Female guests come together to guide each other through homelessness
Within the walls of St. John’s Ministries, you will find people with various backgrounds and unique life stories. The paths leading to homelessness are as diverse as the people experiencing it. Every now and then, there are themes and patterns that intertwine individuals, as is the case with Tonya and Mary.
To observers, their relationship seems more like sisterhood rather than strangers who met just six months prior. They possess many similarities, both in personality and in story. With gentle hearts, witty humor, and stubbornness – Tonya and Mary have endured an ongoing state of homelessness. They are forging their path forward, together.
The path to emergency shelter
Tonya, 71, was born in Michigan, spent time in Louisiana, and after a divorce in 2020 moved to Green Bay to stay with family. After several failed attempts to find permanent housing while navigating significant family conflict, Tonya experienced the first-time shock of homelessness in January.
She felt rejected, lonely, isolated and scared as she approached the doors of St. John’s Ministries Women’s Shelter. Those feelings of apprehension soon faded as she was greeted by a friendly staff who cared for and respected her dignity. Slowly but surely, Tonya overcame many of her fears as she settled into the new reality of being homeless with limited financial resources. She also faced a community with few affordable rental options. Homeless at retirement age isn’t exactly what she envisioned at this stage in life.
Despite her fears that fateful January night, Tonya was grateful to have a place to go. “Without them (St. John’s Ministries), I am not sure what I would have done. I was so scared. I had nowhere to go.”
Mary, 76, originally from Green Bay, also spent time recently in Louisiana. She moved back to Green Bay in October 2022 to help a friend recuperate from surgery. Once recovered, the friend’s landlord demanded she move out. Mary then found herself living with her granddaughter. Although that arrangement worked for a short while, the reality of her granddaughter raising five children while living with a friend allowed no room for Mary.
Mary’s brother, the only other family member in the area, is in a medically fragile situation having suffered three heart attacks. She doesn’t want to burden him so that he can focus on his health. “I fear losing him,” Mary confided.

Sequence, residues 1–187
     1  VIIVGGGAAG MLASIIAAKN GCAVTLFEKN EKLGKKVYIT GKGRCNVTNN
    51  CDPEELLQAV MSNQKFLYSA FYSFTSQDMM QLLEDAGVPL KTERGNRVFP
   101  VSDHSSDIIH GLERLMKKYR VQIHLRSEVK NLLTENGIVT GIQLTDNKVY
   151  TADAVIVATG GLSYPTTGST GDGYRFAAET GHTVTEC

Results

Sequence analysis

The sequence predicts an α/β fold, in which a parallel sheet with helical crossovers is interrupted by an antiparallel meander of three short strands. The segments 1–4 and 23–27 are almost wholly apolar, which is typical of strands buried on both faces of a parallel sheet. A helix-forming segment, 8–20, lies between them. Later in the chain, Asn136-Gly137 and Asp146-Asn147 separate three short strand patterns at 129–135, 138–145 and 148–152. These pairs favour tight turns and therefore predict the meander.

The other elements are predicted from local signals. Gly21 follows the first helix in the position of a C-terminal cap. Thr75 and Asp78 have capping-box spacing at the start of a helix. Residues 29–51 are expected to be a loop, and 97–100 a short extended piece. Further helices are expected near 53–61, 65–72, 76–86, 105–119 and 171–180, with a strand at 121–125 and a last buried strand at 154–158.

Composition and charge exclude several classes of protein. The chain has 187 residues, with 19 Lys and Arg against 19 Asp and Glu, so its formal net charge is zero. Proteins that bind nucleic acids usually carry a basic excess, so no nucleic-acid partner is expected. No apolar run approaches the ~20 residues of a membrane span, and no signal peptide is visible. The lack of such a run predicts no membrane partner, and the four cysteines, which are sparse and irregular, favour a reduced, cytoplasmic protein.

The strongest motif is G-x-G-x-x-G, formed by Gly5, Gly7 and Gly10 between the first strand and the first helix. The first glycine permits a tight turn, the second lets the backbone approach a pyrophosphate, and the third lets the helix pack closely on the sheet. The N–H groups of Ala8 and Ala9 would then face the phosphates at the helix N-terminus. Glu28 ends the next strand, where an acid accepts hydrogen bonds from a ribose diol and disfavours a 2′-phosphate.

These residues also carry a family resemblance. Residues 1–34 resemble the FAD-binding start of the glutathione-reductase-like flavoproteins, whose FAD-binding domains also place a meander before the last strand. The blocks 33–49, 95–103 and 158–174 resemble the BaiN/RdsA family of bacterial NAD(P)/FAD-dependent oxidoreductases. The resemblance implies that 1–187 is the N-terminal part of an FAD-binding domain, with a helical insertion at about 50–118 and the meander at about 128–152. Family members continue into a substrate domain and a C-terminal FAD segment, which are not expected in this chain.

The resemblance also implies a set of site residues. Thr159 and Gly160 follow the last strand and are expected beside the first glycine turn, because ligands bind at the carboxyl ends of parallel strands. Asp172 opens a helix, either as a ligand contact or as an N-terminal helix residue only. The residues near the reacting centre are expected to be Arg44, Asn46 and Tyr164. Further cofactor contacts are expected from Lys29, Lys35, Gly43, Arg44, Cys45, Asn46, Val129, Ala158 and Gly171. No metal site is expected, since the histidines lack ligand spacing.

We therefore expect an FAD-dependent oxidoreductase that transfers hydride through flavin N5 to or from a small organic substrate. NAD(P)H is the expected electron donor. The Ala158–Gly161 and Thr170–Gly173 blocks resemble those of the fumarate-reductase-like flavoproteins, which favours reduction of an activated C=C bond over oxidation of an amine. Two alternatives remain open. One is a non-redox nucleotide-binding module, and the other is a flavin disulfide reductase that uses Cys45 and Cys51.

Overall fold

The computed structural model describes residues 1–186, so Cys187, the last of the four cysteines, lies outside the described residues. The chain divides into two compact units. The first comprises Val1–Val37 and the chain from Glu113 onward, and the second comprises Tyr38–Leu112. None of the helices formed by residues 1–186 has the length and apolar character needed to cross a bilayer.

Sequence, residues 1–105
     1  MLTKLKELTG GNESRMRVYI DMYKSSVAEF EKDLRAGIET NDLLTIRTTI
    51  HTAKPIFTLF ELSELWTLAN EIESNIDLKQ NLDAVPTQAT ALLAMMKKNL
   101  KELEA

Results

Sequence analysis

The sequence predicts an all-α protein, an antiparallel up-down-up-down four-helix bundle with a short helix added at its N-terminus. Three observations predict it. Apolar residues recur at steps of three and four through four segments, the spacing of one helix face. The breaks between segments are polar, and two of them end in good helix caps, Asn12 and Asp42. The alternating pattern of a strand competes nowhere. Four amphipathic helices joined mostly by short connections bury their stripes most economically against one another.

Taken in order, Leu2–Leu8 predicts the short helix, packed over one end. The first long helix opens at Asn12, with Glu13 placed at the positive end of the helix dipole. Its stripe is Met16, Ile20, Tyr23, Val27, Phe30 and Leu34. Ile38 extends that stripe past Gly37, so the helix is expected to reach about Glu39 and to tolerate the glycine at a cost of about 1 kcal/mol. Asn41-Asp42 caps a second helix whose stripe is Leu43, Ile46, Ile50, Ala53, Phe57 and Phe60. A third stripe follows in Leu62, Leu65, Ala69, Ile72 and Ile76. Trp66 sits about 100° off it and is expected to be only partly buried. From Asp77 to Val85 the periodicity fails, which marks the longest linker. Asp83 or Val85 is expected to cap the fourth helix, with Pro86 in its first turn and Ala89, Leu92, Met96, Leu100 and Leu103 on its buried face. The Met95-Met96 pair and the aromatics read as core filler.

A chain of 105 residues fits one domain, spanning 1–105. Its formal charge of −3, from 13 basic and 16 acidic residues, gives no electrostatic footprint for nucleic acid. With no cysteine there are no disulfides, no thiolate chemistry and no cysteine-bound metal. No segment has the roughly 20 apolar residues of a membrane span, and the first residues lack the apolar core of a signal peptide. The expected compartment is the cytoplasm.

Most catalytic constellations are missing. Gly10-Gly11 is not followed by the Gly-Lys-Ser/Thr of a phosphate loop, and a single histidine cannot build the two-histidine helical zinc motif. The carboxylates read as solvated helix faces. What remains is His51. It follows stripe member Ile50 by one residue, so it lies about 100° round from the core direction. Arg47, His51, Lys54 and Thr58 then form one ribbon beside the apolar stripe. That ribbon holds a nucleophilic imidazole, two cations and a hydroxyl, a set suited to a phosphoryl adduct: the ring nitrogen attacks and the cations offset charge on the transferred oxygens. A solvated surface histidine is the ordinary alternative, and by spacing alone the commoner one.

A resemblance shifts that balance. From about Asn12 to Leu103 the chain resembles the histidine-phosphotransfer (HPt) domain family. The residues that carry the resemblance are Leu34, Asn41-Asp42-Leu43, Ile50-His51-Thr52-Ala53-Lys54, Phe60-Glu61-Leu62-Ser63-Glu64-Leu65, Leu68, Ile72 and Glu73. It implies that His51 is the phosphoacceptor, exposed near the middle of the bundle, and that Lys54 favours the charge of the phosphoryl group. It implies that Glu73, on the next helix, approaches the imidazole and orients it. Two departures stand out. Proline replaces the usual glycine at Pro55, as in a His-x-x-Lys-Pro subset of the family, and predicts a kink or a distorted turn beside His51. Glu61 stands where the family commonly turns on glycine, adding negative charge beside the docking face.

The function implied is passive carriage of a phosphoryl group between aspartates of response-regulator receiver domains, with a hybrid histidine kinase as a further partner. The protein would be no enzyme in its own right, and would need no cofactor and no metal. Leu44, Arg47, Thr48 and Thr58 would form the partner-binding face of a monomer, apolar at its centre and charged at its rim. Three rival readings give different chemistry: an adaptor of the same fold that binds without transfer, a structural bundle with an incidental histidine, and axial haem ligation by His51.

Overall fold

Like her brother, Mary is in poor health. Respiratory issues require her to use a nebulizer and to sleep with the aid of a CPAP machine. In the shelter, Mary sleeps on a recliner chair which aids her breathing. Tonya can relate to Mary’s health struggles. She also suffers from poor respiratory health. Both need a walker to be mobile. Mary is prescribed 20 medications and Tonya 11.
The beginning of a friendship
Mary’s first night of homelessness was scary, but not as bad as Tonya’s first night. The reason, Mary said, was Tonya. “I walked in and wandered for a bit,” she said. “Tonya saw me and invited me over to her table and introduced me to people. We struck up a conversation immediately.”
“I knew what she was going through because I felt all those emotions a few weeks before. She looked nervous. I’m glad I made her feel better,” Tonya recalled. The two have been nearly inseparable since that cold January evening. “We understand each other. We finish each other’s sentences. I love her like a sister,” Tonya said.
In the shelter and at Wellspring, likely due to their age and especially their motherly instincts, Tonya and Mary are referred to as ‘Mom’ and Mary sometimes as ‘Grandmom’ by younger guests. They sort of serve as elders in the shelter, and often uplift the moods of other guests by using words of encouragement and kind gestures.
It is at Wellspring they met Kathy, 66, who visits nearly every day after being transported from her group home. Kathy said her family disowned her and that made her very heartbroken. “I don’t have anybody but ‘Mom’ and ‘Grandmom’,” she said.
Although with limited personal possessions herself, Tonya picks out clothing from her church’s closet to bring to Kathy. With the little money Mary has, she purchases soda and other treats for Kathy to lift her spirits. “All of their gifts are straight from the heart,” Kathy said.
Lightening tension isn’t anything new to ‘Mom’ or ‘Grandmom.’ When Tonya is down and depressed, Mary lifts her spirits with a smile. When Mary is discouraged and desolate, Tonya centers her with a sarcastic joke or witty observation. And just like sisters, they often give each other a hard time injecting biting humor into mundane situations. They do this so often and so convincingly that casual observers and newer guests sometimes believe they are legitimately angry at each other.